Julianne Moore: a gay life and career
A gay icon -
According to Gay Star News, and perhaps many others out there, Julianne Moore is a gay icon.
Outspoken supporter of LGBTQ rights - Moore has been an advocate for same-sex marriage long before it was legalized in the US in 2015.
A future with no labels - In an interview with The Advocate in 2010, Moore explained how she hopes that loving who you love will no longer be an issue, but a normal reality.
She's been to many pride parades - Moore has admitted to going to so many gay prides that she's lost count.
An unbreakable bond -
Moore has been gay designer and director Tom Ford's muse for a large chunk of her career.
A star in his movie debut -
In 2009, Ford directed his first film, 'A Single Man,' for which he wrote a role specifically meant for Moore.
A driving force for Ford - The LGBTQ film tells the story of George Falconer (played by Colin Firth) and his misery after losing his longtime partner Jim to a car crash.
'Freeheld' (2015) - Moore's most recent LGBTQ role was as Laurel Hester in 'Freeheld,' a detective who finds out she's got terminal cancer.
'Freeheld' (2015) -
Moore's character and her story are based on the life of the real Laurel Hester (who actually was a detective in New Jersey).
Praise for 'Maps to the Stars' -
Moore won the Cannes Film Festival award for Best Actress for 'Maps to the Stars' in 2014.
'The Kids Are All Right' (2010) -
In 'The Kids Are All Right,' Moore plays homemaker Jules, wife to Dr. Nicole 'Nic' Allgood, the breadwinner of the family.
Praise for 'The Kids Are All Right' - Following the film, Moore won the Special Mention Award for Actress Defying Age and Ageism from the Alliance of Women Film Journalists in 2011.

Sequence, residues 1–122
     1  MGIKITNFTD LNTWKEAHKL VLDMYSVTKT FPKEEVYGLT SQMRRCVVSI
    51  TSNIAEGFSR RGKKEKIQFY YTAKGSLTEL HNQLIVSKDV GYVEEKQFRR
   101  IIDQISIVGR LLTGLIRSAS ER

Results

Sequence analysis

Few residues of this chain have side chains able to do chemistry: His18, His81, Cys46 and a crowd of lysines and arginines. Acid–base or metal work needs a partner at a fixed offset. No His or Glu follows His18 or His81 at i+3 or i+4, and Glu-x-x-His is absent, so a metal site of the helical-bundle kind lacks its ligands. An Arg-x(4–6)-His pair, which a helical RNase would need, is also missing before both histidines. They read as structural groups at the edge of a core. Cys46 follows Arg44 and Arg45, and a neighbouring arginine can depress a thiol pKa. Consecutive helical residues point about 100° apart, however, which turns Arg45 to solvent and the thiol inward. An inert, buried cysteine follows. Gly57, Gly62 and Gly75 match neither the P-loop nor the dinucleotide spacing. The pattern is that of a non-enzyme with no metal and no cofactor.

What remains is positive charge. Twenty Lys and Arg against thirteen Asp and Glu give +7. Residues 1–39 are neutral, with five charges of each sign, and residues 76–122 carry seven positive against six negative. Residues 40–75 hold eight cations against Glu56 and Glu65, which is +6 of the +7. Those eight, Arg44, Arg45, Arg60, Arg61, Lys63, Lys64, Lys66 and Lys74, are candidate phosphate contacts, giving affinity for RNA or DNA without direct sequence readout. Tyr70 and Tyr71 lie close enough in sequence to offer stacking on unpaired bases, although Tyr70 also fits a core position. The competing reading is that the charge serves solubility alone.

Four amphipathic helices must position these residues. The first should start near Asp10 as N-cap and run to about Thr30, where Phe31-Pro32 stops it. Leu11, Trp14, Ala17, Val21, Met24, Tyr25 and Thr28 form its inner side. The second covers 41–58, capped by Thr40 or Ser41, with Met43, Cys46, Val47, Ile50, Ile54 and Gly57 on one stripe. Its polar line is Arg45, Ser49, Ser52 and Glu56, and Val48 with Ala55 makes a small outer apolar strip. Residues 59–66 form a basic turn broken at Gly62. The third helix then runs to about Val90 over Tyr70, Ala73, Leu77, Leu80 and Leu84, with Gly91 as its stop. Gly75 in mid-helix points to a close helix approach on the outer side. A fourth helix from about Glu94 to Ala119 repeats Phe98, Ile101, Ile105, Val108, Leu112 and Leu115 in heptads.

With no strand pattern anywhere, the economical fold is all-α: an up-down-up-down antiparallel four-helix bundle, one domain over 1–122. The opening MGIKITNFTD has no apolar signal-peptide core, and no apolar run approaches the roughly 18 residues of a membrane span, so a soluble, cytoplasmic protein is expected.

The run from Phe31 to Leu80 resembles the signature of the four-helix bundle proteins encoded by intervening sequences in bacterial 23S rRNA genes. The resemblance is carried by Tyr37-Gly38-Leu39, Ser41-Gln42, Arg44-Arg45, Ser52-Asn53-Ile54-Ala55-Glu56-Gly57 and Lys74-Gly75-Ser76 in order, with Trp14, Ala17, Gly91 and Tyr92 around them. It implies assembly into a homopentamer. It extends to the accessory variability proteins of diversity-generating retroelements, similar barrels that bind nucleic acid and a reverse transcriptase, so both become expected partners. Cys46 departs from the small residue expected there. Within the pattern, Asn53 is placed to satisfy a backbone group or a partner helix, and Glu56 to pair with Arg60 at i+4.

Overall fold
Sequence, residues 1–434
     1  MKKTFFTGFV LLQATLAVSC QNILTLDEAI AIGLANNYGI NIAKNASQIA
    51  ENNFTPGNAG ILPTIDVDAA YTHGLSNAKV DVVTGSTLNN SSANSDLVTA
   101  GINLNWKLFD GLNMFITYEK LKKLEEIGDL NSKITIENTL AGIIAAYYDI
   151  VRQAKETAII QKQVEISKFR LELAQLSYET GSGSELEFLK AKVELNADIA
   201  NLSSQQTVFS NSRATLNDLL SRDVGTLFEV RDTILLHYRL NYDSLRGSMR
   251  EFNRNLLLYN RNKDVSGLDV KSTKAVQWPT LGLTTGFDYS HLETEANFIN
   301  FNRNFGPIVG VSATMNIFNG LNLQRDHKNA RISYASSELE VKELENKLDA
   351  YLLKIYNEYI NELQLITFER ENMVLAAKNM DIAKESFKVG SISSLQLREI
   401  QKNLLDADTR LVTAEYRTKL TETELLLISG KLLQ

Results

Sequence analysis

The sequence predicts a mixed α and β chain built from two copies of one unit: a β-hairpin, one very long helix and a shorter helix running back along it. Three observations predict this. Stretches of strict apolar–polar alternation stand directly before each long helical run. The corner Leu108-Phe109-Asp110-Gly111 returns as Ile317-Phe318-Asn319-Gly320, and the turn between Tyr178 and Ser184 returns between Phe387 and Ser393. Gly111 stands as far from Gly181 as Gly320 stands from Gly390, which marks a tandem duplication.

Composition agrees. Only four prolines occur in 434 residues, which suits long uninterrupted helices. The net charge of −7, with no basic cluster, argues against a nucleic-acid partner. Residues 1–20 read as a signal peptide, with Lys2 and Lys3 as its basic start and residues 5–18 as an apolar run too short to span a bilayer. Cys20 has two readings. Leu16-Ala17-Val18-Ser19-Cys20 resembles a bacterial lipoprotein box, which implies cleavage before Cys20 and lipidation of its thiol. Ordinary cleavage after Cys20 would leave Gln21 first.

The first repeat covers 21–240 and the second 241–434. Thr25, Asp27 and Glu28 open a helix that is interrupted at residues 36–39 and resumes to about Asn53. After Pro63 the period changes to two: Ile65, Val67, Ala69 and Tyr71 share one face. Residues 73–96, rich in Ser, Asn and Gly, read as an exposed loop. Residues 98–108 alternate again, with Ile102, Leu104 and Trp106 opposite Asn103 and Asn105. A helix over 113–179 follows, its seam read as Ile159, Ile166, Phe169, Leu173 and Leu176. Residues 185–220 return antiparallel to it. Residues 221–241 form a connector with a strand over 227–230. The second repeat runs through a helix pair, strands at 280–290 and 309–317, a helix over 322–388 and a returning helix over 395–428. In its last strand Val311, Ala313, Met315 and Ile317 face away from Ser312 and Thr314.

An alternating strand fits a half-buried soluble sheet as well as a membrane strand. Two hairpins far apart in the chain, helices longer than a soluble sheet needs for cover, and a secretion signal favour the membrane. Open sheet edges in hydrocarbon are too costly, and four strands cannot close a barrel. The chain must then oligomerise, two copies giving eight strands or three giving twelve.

'The Private Lives of Pippa Lee' (2009) - The story focuses on the past and present life of Pippa Lee (played by Robin Wright in the present, and Blake Lively in the past).
'The Hours' (2002) -
The movie 'The Hours' jumps between the lives of three women who were living at different times and places, all with one thing in common: they had the same fears.
Praise for 'The Hours' - In 2003, Moore won a joint award with Meryl Streep and Nicole Kidman for Best Actress at the Berlinale International Film Festival in Berlin, Germany.
'Psycho' (1998) - Moore appears in this 1998 remake, playing her first queer character.
'Psycho' (1998) -
Moore played the role of Lila Crane, also known as the "final girl" of the film. The twist is that gay director Gus Van Sant made Lila a lesbian in his movie.
Her take on representation -
Obviously, times have changed, and many actors are looking back at roles they played in the past with a new perspective.